A bifunctional material that deactivates biological threats and those used in chemical weapons has been developed by a team at Northwestern University in the US.
A simple bleach treatment restores the composite fabric to its original state after exposure to biological or chemical threats, making it a promising candidate for face masks and other protective clothing.
“Having a bifunctional material that has the ability to deactivate both chemical and biological toxic agents is crucial since the complexity to integrate multiple materials to do the job is high,” said Northwestern’s Omar Farha, an expert in metal-organic frameworks (MOFs) that underpin the technology.
Farha, a professor of chemistry in the Weinberg College of Arts and Sciences, is a co-corresponding author of the study.
The MOF/fibre composite builds on an earlier study in which Farha’s team created a nanomaterial that deactivates toxic nerve agents. With some small manipulations, the researchers were able to incorporate antiviral and antibacterial agents into the material.
Nano-sized MOF materials are designed with a lot of holes that can capture gases, vapours and other agents. In the new composite fabric, the cavities of the MOFs have catalysts that can deactivate toxic chemicals, viruses and bacteria. The porous nanomaterial can be easily coated on textile fibres.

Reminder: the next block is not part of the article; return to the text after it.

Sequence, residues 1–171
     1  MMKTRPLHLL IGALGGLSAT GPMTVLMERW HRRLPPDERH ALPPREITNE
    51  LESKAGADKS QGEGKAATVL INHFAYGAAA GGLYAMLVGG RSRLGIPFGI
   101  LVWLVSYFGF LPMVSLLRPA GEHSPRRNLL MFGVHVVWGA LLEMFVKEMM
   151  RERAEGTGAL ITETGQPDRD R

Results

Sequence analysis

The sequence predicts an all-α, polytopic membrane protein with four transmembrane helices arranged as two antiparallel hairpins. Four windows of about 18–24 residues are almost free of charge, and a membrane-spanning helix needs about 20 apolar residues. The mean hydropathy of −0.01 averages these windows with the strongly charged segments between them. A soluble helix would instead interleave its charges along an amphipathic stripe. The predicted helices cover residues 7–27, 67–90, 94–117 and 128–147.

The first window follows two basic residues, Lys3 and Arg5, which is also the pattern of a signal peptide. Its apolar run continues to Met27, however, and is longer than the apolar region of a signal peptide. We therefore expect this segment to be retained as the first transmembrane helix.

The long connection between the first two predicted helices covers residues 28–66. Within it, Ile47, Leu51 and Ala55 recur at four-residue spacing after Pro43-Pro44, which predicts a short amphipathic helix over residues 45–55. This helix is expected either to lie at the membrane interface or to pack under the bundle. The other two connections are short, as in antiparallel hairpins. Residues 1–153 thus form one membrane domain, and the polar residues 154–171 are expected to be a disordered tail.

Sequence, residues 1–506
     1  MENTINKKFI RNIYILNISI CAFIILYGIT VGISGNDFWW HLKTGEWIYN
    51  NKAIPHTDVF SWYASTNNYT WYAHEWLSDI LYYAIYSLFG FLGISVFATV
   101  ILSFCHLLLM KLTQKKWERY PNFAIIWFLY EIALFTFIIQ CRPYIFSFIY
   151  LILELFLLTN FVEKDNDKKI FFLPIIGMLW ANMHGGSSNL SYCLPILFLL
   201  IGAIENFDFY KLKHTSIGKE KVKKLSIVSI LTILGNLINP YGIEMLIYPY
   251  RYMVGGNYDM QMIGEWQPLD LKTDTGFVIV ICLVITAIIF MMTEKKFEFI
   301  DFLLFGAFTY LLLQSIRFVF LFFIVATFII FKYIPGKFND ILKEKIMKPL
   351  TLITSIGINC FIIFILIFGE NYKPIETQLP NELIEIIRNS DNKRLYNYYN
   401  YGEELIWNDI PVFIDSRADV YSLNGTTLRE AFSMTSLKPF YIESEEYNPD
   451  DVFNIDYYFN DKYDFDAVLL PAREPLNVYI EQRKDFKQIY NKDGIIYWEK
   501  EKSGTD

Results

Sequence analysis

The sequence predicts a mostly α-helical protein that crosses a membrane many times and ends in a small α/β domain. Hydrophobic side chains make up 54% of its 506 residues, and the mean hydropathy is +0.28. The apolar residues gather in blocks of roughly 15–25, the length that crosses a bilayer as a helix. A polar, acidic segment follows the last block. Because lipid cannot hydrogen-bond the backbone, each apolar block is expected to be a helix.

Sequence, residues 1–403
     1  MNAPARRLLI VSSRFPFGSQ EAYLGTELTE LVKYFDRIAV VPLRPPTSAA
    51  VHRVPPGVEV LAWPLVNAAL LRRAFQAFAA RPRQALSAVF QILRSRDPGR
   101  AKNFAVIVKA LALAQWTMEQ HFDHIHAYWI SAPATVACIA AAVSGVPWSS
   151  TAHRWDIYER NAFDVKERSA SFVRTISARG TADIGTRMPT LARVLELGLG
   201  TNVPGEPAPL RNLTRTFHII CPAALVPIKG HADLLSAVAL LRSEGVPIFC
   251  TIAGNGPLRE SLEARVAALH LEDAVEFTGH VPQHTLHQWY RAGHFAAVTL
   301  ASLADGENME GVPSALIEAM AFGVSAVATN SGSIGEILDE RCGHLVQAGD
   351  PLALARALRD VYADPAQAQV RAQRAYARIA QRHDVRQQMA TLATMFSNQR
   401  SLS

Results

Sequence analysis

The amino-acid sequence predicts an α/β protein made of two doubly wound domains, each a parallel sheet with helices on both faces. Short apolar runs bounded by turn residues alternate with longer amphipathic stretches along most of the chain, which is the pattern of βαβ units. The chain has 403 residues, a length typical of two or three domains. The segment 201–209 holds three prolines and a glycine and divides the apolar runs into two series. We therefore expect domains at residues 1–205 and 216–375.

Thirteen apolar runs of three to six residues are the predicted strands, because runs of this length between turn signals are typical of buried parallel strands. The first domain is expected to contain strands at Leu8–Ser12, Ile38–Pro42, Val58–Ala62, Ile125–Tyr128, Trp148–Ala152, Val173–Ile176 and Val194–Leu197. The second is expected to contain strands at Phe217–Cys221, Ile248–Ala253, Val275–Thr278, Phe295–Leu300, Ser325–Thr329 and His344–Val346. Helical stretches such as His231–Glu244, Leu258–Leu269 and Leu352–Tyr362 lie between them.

The study was published recently in the Journal of the American Chemical Society (JACS).
The researchers found that the MOF/fibre composite exhibited rapid activity against SARS-CoV-2 and gram-negative bacteria (E. coli) and gram-positive bacteria (S. aureus). Also, the active chlorine-loaded MOF/fibre composite rapidly degraded sulphur mustard gas and its chemical simulant (2-chloroethyl ethyl sulphide, CEES). The nanopores of the MOF material coated on the textile are wide enough to allow sweat and water to escape.
In a statement, Farha said the composite material is scalable as it only requires basic textile processing equipment currently used by industry. When incorporated into a facemask, the material should be able to protect the mask wearer from virus as well as protecting individuals who come into contact with an infected person wearing the mask.
According to Northwestern, the researchers also developed an understanding of the material’s active sites down to atomic level, allowing them and others to derive structure-property relationships that can lead to the creation of other MOF-based composites.